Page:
I did that and when we got over to where the apartment complex were [sic], she says, "Get out; this is the place." I went up with my paper bag. Rang the doorbell and the door opened almost immediately. This man appeared. He was ugly as a mud hen, almost as ugly as me and unshaven, hairy chest, undershirt on, hair all messed up. And he said, "You're Dorie." And I said, "Yes, Sir." "Come in and sit down. I've got some rules. You're gonna live with us." If I'd had any sense, I'd have run then.
The car drove off and I got panicky. I thought, "I'm afraid." And then he sat me down and in one minute, not, "Are you comfortable, kid?" Are you hungry?" "Sit down; I got some rules." And this is what he said. "You will never be permitted to sit at a table and eat with us. If there's scraps left over, you can have those. If not, there's always some water and powdered milk. You can mix it together. We have a lot of fish; you can cut off the head and the tail. The center part--this is rule two--is wrapped up and put in the refrigerator for the family and I never want to see you touch it. If you do, out you go."
I'm not crazy about fish chowder to this day. I would mix up the water and the powdered milk. I'd whack off the heads and the tails. God does give you a sense of humor. And I'd look at those fish heads floatin' around. Have you ever watched 'em boil? The eyes get like a little BB bullet. (Laughter) And then the mouth goes like this, you know? (Laughter) And it's floatin' around. And I thought, "It looks like somebody I used to know." (Laughter) It did; it looked just like Miss Gabler, only she had hair on her head. If the fish had, I wouldn't touched it. (Laughter) But do you know what I learned there? Do you know what I learned there?
I had this little New Testament. The matron had given me a small New Testament before I left the orphanage. And when I left the orphanage and she put it in my hand, I'd never had a gift. It was the first gift ever given to me. And when she gave it to me, she said, "Dorie, this is a gift for you and I trust it'll become the most precious gift, ever, ever that you will receive."
Listen to me. If you'd walk over to my little apartment over there in that red house, I could pull out a dresser drawer and reach in and get that little New Testament. I still have it. That little New Testament never left me. I had it in my pocket or in my binder when I'd go to school. That's what made the difference in my life.
You see, God knew what to put in my hand when He sent me out into that cruel world and that little New Testament was always with me. And I began to read it. Now if you've gone to church and Sunday school and been taught how to read Scripture, see it doesn't quite jibe maybe, but I found John 3:16 all by myself. Do you know how excited I got when I saw that verse? And I memorized it. Then I found other verses that the Lord promised He'd never leave me and He'd never forsake me, that He'd be my father and my mother and my brother and my sister, that He'd always take care of me. I'd underlined the verses. I didn't know you could that then, but I did it. (Laughter) And I'd memorized them and then I'd get it in my mind so when I'd go to school, I could recite it over and over again; at the end of the day, I'd have a verse down.
These people had kids of their own. They were bigger than I was, so if I wanted to get up in the morning and be cleaned up a little bit anyway, I'd have to go in the bathroom early. And I'd go in and I'd lock the door. And I'd wash my face real quick and try to comb down my matted hair, which I'll explain in a minute. And then, I'd go to my altar, which was the bathtub and I'd kneel down by that altar and I'd take out my little New Testament and I'd put it out on the rim of the bathtub and I'd find the Scriptures and I'd read 'em and I'd get so excited. Then I'd try to remember where it was, so I could remember It going to school.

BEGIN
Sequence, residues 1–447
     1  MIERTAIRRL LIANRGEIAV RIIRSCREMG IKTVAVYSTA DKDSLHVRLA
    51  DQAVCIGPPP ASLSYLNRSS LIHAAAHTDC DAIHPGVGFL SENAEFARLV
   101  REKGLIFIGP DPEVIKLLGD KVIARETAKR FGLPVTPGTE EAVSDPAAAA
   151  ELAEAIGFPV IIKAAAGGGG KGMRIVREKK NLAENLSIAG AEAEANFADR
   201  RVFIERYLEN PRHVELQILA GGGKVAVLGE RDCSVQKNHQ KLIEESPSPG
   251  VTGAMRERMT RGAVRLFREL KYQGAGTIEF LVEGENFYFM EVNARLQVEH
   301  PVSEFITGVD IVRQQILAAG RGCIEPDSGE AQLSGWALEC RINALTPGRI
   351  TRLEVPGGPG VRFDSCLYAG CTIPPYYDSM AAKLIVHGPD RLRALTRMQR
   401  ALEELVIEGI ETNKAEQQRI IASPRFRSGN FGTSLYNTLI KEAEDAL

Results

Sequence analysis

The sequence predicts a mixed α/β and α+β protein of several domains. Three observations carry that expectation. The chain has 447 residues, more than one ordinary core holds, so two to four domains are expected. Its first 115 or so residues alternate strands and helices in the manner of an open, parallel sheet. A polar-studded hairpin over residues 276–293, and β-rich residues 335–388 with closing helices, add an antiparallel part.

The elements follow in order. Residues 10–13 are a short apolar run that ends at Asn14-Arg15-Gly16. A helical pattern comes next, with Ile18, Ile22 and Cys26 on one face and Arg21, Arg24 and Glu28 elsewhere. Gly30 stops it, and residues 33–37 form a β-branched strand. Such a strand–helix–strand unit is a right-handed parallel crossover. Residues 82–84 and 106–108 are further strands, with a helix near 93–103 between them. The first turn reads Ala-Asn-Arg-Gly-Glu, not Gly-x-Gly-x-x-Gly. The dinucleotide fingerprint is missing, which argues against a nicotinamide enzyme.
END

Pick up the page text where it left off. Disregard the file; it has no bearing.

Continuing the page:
And then, all of a sudden, I'd hear a knock (sound of knocking) on the door and I'd take the Testament. I'd hide it and I'd unlock the door and they'd say, "Get out! Come on; get out!" And I'd step out and they'd slap me across the face and slap me [and] I'd end up leaning against the wall. Sometimes I'd land on the floor. They'd grab ahold of me and pull me up like this and rip my clothes. They'd pull my hair and you'd go to school like that. Sometimes I had a bloody nose. Sometimes I had a black eye. Sometimes my mouth'd be beaten and bleeding.
Listen, when I say I was a dirty, homely, ugly little girl, I want you to believe it, because I was. And in this house, they didn't let me take a bath [except] one day a month. "You must've stunk." I did! "You must've looked horrible." I did!
My hair could only be washed once every eight weeks. And so, you know what happened. I was dirty. I got head lice. I related to the Dani's in New Guinea in a moment when I would see those mothers with the little children laying on the ground and the mothers take all those lice and just squeezing 'em in between their fingers. I was dirty and I was filthy and I was ugly. I heard the kids say, "Here comes stinky." Do you think I wanted it that way? No, I didn't.
Sometimes I'd be so embarrassed by the way I know I looked and smelled that I would go into the restrooms in the service stations where I'd go to school to try to just clean up a little bit. It didn't help much. I was dirty. I was ugly. I was filthy. But I also had joy way down in here, because I knew that no matter what I looked like on the outside and believe me, it was a total disaster, I knew God loved me.
But my salvation was that I knew Him. And when all those jobs and the work'd be done, I'd walk along the streets of San Francisco and see those gorgeous stores. To this day, if you want to do me a favor, let me off in a shopping mall. Let me just walk around. I love it! And I'd look at them mannequins [sic]. I'd think, "Oh, they look so gorgeous! If I could look like that one day, Lord!"